Published on May 10, 2017
“I think I’m turning to dust
Love is turning to lust
I think I’m turning to dust
Only as I must”
from ‘Mood Rider’ (taken from Damage and Joy (2017))
The swagger of the Jesus and Mary Chain begins and ends with the classic, but never over-the-top delivery of front man Jim Reid. His lyrics, his onstage poses, and his seemingly intentional choice to obscure his face (and brother William’s) in a constant haze of smoke (they set off a fire alarm later in the show) and blue lights is just the right touch to portray the FU rock and roll style that has always defined the Jesus and Mary Chain. Hell, 10 feet into the venue and at the top row of the merchandise stand (see below) is a shirt that says nothing other than “Jesus Fuck”. Being a devout catholic myself I amazingly almost bought the damn shirt myself it was so brazen and cool. Once in awhile the Reid brothers can make you believe it’s 1992 all over again.
And only Jim Reid could make me jealous about the lyrics of the 25 year old, sublime and genre-defining song ‘Reverence’. “I want to die like JFK, I want to die on a sunny day, I want to die like Jesus Christ, I wanna die!!”. No part of my inner soul could ever imagine saying such words, yet alone screaming them along with Reid at a show, on constant repeat for four minutes. But that’s the impact of rock and roll and the Reid brothers always made being bad feel even more cool than it already was. For many of us, ‘Reverance’ is the 90’s version of ‘Another Brick in the Wall pt 2’.
New tracks like ‘Amputation’ and the pounding ‘Mood Rider’ from the new LP Damage and Joy fit the old Jesus and Mary Chain mold perfectly. With Jim’s snarly delivery and William’s riffs the Mary Chain magic lives onward into their 4th decade of recording. They can no longer reach the youth like they did with Psychocandy or 1992’s Honey’s Dead, but there is a niche of Generation X’ers that will still play air guitar to them for awhile longer. 2000 of them were at the Palace Theater last night.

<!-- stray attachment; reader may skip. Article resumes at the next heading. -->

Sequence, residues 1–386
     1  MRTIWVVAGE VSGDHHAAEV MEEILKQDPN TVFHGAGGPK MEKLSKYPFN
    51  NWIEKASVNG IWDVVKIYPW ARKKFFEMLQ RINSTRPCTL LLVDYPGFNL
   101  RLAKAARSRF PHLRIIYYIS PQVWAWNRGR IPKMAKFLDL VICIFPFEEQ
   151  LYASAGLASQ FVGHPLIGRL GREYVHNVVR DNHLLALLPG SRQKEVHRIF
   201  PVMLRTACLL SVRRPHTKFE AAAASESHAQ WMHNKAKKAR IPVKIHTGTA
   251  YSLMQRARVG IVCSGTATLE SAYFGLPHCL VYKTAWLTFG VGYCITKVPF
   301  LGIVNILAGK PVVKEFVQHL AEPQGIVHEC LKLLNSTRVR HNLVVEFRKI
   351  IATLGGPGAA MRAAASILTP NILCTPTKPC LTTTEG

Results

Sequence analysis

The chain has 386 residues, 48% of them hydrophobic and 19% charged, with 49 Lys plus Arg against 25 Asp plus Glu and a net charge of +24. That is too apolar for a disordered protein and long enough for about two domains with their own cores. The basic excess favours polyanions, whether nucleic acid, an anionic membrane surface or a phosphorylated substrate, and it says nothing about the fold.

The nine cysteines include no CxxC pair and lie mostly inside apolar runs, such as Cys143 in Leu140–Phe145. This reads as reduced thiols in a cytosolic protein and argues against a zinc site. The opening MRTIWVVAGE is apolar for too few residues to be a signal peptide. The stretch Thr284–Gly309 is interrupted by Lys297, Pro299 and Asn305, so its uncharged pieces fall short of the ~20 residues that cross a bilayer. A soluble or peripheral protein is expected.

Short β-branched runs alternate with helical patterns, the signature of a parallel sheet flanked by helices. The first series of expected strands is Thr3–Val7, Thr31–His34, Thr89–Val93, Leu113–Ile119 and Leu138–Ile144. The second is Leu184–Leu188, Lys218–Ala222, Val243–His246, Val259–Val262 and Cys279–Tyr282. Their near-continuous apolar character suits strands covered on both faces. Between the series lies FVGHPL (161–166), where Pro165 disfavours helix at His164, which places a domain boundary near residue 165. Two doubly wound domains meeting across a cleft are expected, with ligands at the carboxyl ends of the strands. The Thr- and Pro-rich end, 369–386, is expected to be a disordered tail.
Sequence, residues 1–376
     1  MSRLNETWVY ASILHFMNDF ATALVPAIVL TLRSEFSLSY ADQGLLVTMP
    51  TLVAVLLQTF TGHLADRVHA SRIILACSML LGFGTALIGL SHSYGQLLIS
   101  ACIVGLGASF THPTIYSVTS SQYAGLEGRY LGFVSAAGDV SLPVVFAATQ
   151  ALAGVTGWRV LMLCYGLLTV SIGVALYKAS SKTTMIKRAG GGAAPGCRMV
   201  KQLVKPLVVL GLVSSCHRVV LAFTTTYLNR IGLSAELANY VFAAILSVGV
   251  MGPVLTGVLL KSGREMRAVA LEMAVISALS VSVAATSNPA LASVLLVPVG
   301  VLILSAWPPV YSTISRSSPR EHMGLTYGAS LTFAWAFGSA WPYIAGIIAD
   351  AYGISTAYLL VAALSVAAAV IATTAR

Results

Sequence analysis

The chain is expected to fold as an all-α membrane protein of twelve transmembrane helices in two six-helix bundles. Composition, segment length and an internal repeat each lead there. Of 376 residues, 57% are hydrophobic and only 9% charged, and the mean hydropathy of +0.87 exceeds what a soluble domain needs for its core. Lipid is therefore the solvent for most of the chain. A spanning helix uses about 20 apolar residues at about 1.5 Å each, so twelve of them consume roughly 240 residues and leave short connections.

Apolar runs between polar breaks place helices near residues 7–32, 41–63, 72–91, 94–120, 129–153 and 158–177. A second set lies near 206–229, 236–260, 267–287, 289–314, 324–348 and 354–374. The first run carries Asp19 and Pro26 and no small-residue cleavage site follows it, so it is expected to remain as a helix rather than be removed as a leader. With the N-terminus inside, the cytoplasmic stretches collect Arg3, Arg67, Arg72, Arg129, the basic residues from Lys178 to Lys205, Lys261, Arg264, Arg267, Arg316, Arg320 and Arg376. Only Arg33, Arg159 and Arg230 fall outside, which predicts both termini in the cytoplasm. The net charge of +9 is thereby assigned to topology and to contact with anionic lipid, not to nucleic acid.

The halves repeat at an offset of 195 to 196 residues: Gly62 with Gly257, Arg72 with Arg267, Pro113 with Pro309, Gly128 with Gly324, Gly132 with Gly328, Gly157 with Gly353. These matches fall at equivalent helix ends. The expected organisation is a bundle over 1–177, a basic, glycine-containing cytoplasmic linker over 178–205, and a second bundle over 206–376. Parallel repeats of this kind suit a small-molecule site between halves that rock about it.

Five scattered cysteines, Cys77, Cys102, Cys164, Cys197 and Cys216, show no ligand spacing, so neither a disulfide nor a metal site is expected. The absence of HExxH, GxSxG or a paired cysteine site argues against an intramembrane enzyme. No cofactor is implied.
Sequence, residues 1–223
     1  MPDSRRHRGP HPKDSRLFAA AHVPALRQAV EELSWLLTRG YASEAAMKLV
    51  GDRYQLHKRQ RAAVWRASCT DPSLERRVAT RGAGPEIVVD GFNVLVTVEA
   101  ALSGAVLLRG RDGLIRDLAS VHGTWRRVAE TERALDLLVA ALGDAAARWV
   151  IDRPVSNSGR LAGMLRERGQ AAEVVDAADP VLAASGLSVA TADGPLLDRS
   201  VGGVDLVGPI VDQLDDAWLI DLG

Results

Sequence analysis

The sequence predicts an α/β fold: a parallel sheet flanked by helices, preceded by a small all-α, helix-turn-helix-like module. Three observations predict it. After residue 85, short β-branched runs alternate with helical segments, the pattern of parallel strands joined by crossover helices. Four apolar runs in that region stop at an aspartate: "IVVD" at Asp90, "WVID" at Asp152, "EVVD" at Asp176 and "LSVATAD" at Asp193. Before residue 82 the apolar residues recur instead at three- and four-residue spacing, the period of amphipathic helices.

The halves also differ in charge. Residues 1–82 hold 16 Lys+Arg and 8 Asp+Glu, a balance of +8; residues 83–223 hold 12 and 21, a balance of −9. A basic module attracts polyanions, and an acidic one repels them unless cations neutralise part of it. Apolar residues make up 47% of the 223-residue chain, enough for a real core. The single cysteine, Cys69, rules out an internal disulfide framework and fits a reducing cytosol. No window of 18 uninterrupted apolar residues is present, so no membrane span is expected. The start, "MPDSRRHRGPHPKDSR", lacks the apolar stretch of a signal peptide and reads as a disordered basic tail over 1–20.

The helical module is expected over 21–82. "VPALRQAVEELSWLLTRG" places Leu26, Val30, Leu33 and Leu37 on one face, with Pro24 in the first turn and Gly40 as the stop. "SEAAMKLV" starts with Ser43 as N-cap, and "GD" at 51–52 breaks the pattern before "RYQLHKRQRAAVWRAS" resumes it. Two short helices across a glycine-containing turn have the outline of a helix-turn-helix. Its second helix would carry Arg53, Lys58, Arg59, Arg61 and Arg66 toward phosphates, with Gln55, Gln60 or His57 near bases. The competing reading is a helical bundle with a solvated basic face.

The beginning of ‘Reverence’ was actually the evenings most memorable moment. Originally intended to end the first set, a technical difficulty with the bass player prompted stagehands to come out and assist while the band played through with an extended jam of the song’s groove for a good two minutes before the curtain abruptly dropped. And then the smoke alarm went off. Ten minutes later the curtain rises, Reid apologizes for the technical difficulties, and lights into a 7 song encore beginning again with ‘Reverence’. The extended encore felt a little too much like trying to squeeze too many songs into a short time span but the Mary Chain have earned the right to do pretty much anything they want. When you can still scream you want to die like Jesus Christ and JFK (and sound believable!) who are we to argue back?